self.loss = self._cross_entropy_loss(Y, self.Y_prob)
return self.Y_prob, self.loss

def _softmax(self, X):
self.X = X
X_adj = X - X.amax(dim=1, keepdim=True)
return exps / exps.sum(axis=1, keepdim=True)

def _cross_entropy_loss(self, Y, Y_prob):
return (-Y * torch.log(Y_prob)).sum(axis=1).mean()

return (self.Y_prob - self.Y) * grad

### Putting it all together

Let's bring these layers together in a class: our NeuralNet implementation.
The evaluate() function does two things. Firstly, it runs the forward pass by chaining the __call__() functions, to generate label probabilities. Secondly, it uses the labels passed to it to calculate the loss and percentage correctly predicted.
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For this simplified example we donβt have a pure inference function, but we could add one with a small change to SoftmaxCrossEntropyLoss.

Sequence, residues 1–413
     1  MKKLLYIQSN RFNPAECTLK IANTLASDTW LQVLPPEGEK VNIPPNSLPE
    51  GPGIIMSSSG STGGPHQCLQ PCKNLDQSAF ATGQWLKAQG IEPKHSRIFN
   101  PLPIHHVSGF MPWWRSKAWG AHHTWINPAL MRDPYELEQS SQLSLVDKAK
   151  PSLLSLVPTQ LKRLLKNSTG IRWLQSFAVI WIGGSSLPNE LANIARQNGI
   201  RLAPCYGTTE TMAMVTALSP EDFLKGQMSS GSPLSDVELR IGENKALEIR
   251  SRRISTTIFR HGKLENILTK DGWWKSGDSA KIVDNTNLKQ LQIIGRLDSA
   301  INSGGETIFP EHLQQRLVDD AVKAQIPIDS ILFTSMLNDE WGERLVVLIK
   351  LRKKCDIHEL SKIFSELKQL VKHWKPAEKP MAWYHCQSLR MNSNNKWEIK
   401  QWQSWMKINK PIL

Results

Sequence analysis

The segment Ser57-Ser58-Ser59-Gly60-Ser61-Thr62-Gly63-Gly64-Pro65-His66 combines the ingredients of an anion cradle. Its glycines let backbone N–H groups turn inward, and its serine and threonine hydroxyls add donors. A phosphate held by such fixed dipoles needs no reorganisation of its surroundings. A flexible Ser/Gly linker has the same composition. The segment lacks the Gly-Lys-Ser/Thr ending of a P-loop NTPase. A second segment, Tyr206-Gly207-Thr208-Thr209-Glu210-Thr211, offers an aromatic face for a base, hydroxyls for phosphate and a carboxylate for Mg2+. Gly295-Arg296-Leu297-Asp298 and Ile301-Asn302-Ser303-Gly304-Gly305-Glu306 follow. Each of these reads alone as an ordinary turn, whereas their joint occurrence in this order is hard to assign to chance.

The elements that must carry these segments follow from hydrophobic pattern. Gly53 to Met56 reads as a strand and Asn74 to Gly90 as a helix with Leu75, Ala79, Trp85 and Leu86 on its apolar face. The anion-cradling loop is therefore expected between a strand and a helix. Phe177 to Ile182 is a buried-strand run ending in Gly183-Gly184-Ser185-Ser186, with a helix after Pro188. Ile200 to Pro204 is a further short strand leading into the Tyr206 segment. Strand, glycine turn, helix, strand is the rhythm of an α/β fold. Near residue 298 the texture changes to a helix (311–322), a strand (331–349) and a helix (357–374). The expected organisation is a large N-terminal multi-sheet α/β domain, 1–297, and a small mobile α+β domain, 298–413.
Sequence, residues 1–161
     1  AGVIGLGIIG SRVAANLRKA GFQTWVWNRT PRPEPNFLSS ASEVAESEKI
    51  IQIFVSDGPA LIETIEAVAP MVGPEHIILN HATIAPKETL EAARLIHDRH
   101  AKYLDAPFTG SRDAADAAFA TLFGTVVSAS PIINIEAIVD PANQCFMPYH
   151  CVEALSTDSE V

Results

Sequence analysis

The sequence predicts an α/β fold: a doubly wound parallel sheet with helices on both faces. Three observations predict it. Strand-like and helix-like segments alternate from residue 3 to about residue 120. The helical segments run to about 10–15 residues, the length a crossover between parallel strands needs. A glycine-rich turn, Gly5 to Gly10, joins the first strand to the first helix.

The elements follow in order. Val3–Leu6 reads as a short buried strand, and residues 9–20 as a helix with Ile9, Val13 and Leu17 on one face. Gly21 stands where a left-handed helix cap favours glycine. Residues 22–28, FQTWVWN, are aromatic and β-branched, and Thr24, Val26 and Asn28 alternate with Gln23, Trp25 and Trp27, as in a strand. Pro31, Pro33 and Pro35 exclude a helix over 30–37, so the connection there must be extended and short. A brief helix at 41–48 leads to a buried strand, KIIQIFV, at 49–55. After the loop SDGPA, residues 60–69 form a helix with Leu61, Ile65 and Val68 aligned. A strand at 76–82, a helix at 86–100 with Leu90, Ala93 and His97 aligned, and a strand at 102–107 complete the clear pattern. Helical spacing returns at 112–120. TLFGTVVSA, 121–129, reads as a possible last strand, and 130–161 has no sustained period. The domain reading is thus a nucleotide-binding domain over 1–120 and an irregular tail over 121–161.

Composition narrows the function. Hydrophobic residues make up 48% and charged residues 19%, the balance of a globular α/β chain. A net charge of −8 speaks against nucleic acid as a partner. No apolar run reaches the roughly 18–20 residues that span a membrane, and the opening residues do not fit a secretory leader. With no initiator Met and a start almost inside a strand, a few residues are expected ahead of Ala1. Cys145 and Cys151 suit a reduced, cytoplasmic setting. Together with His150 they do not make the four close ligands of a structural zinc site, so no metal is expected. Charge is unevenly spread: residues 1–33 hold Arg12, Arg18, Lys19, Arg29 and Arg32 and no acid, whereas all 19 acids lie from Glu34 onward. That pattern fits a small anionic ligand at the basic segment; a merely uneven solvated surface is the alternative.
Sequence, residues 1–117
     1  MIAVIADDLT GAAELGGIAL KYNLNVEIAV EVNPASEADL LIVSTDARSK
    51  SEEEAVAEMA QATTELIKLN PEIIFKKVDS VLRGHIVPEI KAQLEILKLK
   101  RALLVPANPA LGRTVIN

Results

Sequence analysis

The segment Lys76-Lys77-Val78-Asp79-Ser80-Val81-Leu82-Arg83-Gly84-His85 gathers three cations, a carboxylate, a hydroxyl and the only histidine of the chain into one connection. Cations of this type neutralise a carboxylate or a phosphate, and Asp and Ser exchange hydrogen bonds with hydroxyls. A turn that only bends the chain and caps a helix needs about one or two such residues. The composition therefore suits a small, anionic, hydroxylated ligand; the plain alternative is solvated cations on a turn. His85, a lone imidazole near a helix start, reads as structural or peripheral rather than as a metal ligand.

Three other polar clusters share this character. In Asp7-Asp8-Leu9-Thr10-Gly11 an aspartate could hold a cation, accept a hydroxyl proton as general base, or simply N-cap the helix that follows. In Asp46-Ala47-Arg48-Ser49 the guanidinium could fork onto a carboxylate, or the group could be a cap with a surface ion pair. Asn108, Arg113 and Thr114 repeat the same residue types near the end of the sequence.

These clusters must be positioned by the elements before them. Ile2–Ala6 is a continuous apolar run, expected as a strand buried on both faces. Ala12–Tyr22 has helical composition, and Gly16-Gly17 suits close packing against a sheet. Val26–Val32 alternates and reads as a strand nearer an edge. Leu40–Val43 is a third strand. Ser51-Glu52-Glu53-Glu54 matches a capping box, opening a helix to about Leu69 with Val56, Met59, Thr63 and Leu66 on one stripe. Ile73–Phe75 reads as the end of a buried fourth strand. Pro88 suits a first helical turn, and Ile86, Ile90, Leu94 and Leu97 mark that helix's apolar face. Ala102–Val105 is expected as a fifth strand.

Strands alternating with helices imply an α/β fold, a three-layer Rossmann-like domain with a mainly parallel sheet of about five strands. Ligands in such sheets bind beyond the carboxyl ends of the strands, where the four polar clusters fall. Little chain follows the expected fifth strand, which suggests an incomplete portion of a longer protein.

The gradient_descent() function then gets the matrix of updates for each weight matrix and applies the update. The key bit here is how backprop() works. Going backwards through the computation graph we chain the backprop with respect to input methods. Then for each weighted layer we want to update, we apply the backprop with respect to parameters method to the relevant gradient vector.
class NeuralNet:
def __init__(self, input_size=28*28, hidden_size=32, output_size=10, alpha=0.001):
self.alpha = alpha
self.z1 = LinearLayer(input_size, hidden_size)
self.a1 = ReLU()
self.z2 = LinearLayer(hidden_size, output_size)
self.loss = SoftmaxCrossEntropyLoss()

def evaluate(self, X, Y):
out = self.z2(self.a1(self.z1(X)))
correct = torch.eq(out.argmax(axis=1), Y).double().mean()
Y_prob, loss = self.loss(out, one_hot(Y, 10))
return Y_prob, correct, loss

delta_W1, delta_W2 = self.backprop()
self.z1.W -= self.alpha * delta_W1
self.z2.W -= self.alpha * delta_W2

def backprop(self):
d_out = torch.ones(*self.loss.Y.shape)
d_z2 = self.loss.bp_input(d_out)
d_a1 = self.z2.bp_input(d_z2)
d_z1 = self.a1.bp_input(d_a1)